Curiosity nearly killed this cat.
A leopard’s attempt to nab an easy meal backfired terribly after a troop of 50 baboons banded together and beat the spots off of it.
Footage of the interspecies beatdown has amassed over a million views online as wildlife fans praised the small primates for their courage.
“At that moment, I realized I was witnessing something extraordinary,” accountant Ricky da Fonseca, 30, told LatestSightings of the incredible moment, which he shot while on safari in South Africa’s Kruger National Park — which seems to be the veritable ground zero for viral animal brawl videos.
The group had reportedly pulled up at the south of the Tshokwane picnic site, where visitors generally stop for mid-morning brunch or late-afternoon snacks.
They’d been on the hunt for lions they had spotted earlier, but “the bush had something even more special in store for us,” Fonseca said.
“We pulled to the side, surprised to see a male leopard leisurely strolling on the side of the road,” the numbers cruncher recalled. “As I repositioned for a better angle, that’s when I noticed a troop of baboons playing in the road ahead. This was getting exciting!”
Given that the troop numbered around 50 members, Fonseca initially thought there was no way that the big cat would make a move, but then the predator’s “curiosity seemed to get the better of him.”
“The leopard stealthily disappeared into the grass on the roadside. He was in full-on stalk mode,” Fonseca recalled. “As the leopard closed in on the baboons, anticipation hung in the air.”
He continued, “Suddenly, with a burst of speed, the leopard sprang from the grass in an attempt to catch one of the baboons off guard.”
Accompanying footage shows the leopard stalking through the grass along the side of a car-lined highway, its sinewy body perfectly camouflaged against the brush as it makes a bee-line for the baboon army.
Then, all of a sudden, the beast lunges at the pack of simians, lunch seemingly within its grasp.
However, the critter’s dreams of some simian fast food fizzle when the primate posse gangs up on the beast and starts walloping it into oblivion.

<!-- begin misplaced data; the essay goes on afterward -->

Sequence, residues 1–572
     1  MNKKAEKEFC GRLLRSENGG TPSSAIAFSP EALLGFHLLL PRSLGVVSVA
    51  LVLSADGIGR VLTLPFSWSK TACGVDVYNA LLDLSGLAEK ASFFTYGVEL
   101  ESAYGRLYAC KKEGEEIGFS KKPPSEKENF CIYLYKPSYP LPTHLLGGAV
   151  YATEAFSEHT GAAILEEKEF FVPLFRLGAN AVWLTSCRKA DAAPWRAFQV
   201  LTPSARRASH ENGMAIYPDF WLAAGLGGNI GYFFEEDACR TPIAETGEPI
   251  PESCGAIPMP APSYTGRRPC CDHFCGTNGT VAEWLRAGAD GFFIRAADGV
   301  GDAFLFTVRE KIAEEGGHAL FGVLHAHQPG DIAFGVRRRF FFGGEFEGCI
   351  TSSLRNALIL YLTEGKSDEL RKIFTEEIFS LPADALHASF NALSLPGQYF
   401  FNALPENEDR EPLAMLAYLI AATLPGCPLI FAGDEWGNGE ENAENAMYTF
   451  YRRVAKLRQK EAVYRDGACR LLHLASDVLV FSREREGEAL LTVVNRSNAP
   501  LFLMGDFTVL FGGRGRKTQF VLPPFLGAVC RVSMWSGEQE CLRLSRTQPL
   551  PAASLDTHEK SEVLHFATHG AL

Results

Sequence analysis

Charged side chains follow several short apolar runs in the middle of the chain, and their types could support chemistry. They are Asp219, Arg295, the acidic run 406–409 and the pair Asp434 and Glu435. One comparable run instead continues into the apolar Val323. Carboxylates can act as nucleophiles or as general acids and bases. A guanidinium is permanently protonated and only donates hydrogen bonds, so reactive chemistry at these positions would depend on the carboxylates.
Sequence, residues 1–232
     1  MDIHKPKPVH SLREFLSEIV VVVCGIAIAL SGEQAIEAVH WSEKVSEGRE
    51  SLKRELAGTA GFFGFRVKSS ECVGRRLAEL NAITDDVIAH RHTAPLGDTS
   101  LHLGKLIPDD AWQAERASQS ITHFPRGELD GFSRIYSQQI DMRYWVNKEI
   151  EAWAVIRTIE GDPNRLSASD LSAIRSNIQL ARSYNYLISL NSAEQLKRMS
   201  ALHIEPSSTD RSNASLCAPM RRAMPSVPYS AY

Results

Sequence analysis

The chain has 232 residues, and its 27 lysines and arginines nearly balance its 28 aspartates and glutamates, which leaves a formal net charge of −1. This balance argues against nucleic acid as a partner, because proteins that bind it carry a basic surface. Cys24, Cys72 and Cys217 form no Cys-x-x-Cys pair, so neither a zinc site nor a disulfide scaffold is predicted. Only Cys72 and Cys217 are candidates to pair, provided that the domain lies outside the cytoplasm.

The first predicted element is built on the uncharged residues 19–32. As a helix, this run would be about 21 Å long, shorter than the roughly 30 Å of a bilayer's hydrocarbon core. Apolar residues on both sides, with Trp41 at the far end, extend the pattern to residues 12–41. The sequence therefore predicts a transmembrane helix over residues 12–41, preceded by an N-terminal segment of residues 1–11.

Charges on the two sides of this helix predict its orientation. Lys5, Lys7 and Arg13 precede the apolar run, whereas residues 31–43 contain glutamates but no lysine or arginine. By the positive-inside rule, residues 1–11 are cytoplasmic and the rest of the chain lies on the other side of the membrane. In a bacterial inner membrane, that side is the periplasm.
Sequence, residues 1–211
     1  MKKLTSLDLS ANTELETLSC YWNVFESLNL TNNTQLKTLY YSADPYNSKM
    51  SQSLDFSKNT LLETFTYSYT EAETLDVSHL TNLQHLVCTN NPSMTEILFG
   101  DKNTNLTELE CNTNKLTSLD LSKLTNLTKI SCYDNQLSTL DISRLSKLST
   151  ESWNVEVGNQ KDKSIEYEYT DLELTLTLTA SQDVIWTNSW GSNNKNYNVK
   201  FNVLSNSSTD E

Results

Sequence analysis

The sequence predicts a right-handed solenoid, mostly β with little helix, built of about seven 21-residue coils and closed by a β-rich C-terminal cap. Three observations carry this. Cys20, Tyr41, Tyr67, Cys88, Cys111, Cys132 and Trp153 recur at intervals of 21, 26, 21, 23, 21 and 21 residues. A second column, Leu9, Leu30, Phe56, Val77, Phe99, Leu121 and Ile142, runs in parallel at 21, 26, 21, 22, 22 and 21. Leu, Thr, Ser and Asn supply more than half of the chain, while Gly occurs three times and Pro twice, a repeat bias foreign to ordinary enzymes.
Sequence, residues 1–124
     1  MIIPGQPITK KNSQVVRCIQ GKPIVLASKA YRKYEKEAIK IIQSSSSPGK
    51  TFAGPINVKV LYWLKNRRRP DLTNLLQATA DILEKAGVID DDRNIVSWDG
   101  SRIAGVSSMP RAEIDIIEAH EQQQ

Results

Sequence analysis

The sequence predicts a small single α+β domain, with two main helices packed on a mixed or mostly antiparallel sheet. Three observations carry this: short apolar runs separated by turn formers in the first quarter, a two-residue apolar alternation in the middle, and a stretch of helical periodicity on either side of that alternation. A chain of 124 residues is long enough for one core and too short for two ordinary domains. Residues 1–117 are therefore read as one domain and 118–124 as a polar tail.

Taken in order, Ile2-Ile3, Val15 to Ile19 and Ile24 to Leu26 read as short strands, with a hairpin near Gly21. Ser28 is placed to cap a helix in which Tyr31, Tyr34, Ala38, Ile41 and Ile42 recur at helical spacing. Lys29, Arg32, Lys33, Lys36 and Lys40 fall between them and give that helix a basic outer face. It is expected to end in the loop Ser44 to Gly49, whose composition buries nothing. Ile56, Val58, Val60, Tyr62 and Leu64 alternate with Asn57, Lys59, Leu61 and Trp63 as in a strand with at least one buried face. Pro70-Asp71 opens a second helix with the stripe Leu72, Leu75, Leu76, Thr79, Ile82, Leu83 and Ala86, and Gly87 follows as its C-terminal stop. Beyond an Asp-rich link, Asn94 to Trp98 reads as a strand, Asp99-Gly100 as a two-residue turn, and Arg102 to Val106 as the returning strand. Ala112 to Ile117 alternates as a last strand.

Video taken from a closeup angle shows the courageous apes mobbing the leopard, before chasing into the undergrowth a la fed-up townspeople running a villain out of town in an Old Western.
“The charge was led by what looked like the dominant male,” said 38-year-old Merve Mersinligil, a pianist who filmed the second clip of the counterattack. “He jumped the leopard almost like a rugby tackle, biting, hitting, and shouting like there was no tomorrow.”
Fonseca chalked up the baboons’ success to the fact that they “reacted very quickly” and “attacked as a troop.”
“This threw the leopard off, and they capitalized, surrounding it, screaming, and biting at it,” he said. “They showed no mercy at all.”
The leopard’s status is yet unclear, however, Fonseca claimed that it sustained a few “bruises and cuts” and that its “ego was more hurt than his body.”
In other words, it epitomized the expression “biting off more than you can chew.”
Needless to say, this counterattack marked a major triumph for the baboons, which are listed as a favorite prey of leopards.
This isn’t the first time baboons have taken on a much larger animal.
In March, three hikers in South Africa sustained broken legs after “agitated” baboons rolled a large boulder down at them.